A network of hundreds of thousands of home computer users recently discovered a rare celestial object by donating their computers' downtime to a worthy cause.
The object is called a disrupted binary pulsar and is unique due to its relatively low magnetic field, according to a BBC report. The discovery was made by three computers (two in the United States and one in Germany) participating in the [email protected] distributed computing project. [email protected] harnesses a user's spare or unused computer processing cycles to compute raw data pulled from gravitational wave detectors. To participate all you have to do is run a screensaver that uses your computer's downtime.
The project is attempting to prove Einstein's theory that when celestial events such as exploding stars or colliding black holes occur, they create waves that alter space and time.
[email protected] is based on the BOINC (Berkeley Open Infrastructure for Network Computing) platform that hosts a variety of distributed computing projects. By volunteering your computer's downtime to distributed computing projects you can help fight cancer, monitor seismic activity, scan the stars for alien life or even crack encrypted Nazi messages.
If you'd like to spice up your screensaver and donate your time to an interesting cause, all you have to do is download BOINC's software and specify the project you'd like to join. Here are five distributed computing projects for you to consider.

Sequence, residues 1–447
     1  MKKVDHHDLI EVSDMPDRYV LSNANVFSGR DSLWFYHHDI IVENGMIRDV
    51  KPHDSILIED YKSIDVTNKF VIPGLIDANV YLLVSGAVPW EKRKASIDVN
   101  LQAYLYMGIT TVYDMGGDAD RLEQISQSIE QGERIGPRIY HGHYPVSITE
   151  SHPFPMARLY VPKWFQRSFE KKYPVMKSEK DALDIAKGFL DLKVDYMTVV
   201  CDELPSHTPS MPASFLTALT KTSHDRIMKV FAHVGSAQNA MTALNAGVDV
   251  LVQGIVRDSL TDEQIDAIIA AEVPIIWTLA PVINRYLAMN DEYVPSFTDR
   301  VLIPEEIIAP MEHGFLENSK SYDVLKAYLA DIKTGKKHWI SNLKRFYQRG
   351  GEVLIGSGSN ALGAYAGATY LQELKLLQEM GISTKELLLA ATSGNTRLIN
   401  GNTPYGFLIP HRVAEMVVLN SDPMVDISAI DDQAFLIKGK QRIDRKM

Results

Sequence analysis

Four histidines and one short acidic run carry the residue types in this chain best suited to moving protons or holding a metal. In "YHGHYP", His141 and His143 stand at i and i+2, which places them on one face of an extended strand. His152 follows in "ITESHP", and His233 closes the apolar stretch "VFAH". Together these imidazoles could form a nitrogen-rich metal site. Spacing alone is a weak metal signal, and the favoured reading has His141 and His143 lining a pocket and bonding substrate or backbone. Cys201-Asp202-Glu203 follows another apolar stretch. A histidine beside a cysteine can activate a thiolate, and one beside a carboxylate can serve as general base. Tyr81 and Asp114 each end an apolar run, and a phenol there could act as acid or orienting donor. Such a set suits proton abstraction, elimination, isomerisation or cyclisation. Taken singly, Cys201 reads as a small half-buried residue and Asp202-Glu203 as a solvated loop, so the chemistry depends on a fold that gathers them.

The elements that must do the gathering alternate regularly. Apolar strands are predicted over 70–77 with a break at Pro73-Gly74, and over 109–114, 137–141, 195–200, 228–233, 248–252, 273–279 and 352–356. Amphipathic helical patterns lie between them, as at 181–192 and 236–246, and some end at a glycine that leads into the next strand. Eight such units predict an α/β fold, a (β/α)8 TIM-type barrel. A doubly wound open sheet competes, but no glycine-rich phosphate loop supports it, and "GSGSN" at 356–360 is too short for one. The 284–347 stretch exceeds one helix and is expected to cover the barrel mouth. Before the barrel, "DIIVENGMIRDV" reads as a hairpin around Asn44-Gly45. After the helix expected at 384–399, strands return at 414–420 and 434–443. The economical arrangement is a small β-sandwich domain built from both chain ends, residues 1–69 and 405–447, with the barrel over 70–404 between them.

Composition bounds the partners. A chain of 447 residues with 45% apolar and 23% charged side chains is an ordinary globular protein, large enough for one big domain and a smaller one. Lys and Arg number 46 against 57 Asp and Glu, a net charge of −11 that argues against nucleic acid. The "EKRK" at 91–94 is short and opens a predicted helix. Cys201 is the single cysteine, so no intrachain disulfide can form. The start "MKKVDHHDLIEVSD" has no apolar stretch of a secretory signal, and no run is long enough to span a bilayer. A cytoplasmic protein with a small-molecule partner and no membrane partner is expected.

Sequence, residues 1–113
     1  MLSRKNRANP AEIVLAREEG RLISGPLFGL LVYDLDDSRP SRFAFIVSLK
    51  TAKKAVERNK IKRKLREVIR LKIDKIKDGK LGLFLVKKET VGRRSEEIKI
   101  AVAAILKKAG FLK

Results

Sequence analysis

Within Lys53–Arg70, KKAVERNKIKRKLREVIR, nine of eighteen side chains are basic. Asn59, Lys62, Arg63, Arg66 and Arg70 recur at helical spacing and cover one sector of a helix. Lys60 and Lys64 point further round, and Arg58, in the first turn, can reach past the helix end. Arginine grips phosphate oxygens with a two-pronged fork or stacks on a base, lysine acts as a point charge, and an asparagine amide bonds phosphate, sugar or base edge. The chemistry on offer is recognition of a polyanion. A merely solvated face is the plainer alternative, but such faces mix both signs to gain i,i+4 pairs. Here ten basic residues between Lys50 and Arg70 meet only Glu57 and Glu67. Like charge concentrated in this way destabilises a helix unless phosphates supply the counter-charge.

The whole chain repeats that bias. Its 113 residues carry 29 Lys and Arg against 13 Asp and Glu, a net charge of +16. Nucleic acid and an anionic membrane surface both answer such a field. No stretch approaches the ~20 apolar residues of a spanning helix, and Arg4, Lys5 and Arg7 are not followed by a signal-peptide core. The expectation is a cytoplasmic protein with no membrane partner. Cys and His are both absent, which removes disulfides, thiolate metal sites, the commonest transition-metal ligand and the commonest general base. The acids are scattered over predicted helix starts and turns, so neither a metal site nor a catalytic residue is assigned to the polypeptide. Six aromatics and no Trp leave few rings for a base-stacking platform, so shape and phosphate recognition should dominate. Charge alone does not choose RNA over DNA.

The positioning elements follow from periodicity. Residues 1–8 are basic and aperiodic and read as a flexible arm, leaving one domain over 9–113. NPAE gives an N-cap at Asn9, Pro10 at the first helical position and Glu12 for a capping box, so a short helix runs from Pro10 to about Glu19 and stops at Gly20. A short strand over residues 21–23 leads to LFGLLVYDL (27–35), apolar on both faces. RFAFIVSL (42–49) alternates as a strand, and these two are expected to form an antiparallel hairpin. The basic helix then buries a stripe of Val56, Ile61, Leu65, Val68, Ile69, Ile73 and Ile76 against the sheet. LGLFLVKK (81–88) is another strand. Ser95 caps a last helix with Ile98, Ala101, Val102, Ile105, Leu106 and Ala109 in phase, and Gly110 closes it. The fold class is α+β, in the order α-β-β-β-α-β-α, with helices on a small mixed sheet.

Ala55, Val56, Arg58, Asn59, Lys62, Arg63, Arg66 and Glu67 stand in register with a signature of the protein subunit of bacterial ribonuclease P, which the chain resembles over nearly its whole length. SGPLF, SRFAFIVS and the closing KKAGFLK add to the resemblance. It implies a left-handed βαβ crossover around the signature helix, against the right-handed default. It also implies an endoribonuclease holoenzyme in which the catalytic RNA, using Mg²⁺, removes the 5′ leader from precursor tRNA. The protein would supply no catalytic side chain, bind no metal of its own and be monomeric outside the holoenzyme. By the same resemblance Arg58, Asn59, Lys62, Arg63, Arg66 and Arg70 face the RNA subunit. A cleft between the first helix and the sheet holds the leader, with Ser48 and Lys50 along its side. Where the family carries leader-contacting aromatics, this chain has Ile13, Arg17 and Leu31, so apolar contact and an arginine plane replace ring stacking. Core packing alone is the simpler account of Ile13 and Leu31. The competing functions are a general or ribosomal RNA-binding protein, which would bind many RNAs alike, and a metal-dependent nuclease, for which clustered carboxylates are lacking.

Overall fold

Help UC Berkeley's Search for Extraterrestrial Intelligence (SETI) project as it scans the universe for intelligent life. [email protected] is the original BOINC project that has been ongoing for nearly eleven years. [email protected] participants will help process data from radio telescopes searching for narrow-bandwidth radio signals from space. These signals are not known to occur naturally, so their detection could indicate the presence of intelligent life.
Some of [email protected]'s computing equipment.
If that sounds like fun, why not join close to 200,000 others who are searching for Vulcans, Wookies, and Martians? But make sure you only install [email protected] only on computers you own. In late 2009, a an Arizona school district fired its IT director when the board discovered the director had installed [email protected] software on the school district's computers.
The Quake-Catcher Network uses accelerometers found in laptops to create an early detection system for earthquakes around the globe. To participate you need a Mac laptop from 2006 or later, an IBM or Lenovo ThinkPad laptop from 2003 or later, or a desktop computer with a USB sensor (you can buy one from QCN).
You can also use QCN software to donate your spare computer cycles to QCN's interactive educational software. Check out QCN's Google Map to see recent seismic activity the network has detected. QCN was launched in 2008 and is only available for Windows and Mac users.
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